Analyses of glacial sedimentary rocks in Oman, published online today in Geology, have produced clear evidence of hot-cold cycles in the Cryogenian period, roughly 850-544 million years ago. The UK-Swiss team claims that this evidence undermines hypotheses of an ice age so severe that Earth's oceans completely froze over.
Using a technique known as the chemical index of alteration, the team examined the chemical and mineral composition of sedimentary rocks to search for evidence of any climatic changes. A high index of alteration would indicate high rates of chemical weathering of contemporary land surfaces, which causes rocks to quickly decompose and is enhanced by humid or warm conditions. Conversely, a low chemical index of alteration would indicate low rates of chemical weathering during cool, dry conditions.
The researchers found three intervals with evidence for extremely low rates of chemical weathering, indicating pulses of cold climate. However these intervals alternate with periods of high rates of chemical weathering, likely to represent interglacial periods with warmer climates.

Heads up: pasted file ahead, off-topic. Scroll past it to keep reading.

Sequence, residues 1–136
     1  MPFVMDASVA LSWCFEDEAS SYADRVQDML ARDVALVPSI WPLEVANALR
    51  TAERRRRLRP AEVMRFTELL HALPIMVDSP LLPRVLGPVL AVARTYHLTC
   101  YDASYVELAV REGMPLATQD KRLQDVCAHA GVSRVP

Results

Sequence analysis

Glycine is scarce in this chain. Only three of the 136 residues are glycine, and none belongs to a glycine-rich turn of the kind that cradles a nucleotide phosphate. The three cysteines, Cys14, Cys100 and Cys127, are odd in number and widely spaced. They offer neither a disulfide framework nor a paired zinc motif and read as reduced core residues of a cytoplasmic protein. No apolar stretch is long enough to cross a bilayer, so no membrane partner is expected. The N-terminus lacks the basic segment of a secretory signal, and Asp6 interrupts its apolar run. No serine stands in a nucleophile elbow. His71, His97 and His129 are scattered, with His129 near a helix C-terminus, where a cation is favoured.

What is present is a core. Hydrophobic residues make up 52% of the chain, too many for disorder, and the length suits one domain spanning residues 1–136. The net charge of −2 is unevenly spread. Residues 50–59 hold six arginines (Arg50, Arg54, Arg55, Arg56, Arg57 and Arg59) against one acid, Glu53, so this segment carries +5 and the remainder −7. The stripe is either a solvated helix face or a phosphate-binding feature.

These warmer periods mean that, despite the severe glaciation of this time in Earth history, the complete deep-freeze suggested by 'Snowball Earth' theories never took place, and that some areas of open, unfrozen ocean continued to exist. Leader of the study, Professor Philip Allen of Imperial College London's Department of Earth Science and Engineering, explains:
"If the Earth had become fully frozen for a long period of time, these climatic cycles could not exist – the Earth would have changed into a bleak world with almost no weather, since no evaporation from the oceans could take place, and little snowfall would be possible. In fact, once fully frozen, it is difficult to create the right conditions to cause a thaw, since much of the incoming solar radiation would be reflected back by the snow and ice. The evidence of climatic cycles is therefore hostile to the idea of ‘Snowball Earth’.”
Professor Allen adds that understanding how Earth's climate has changed in the past provides important data for current climate change models. He says: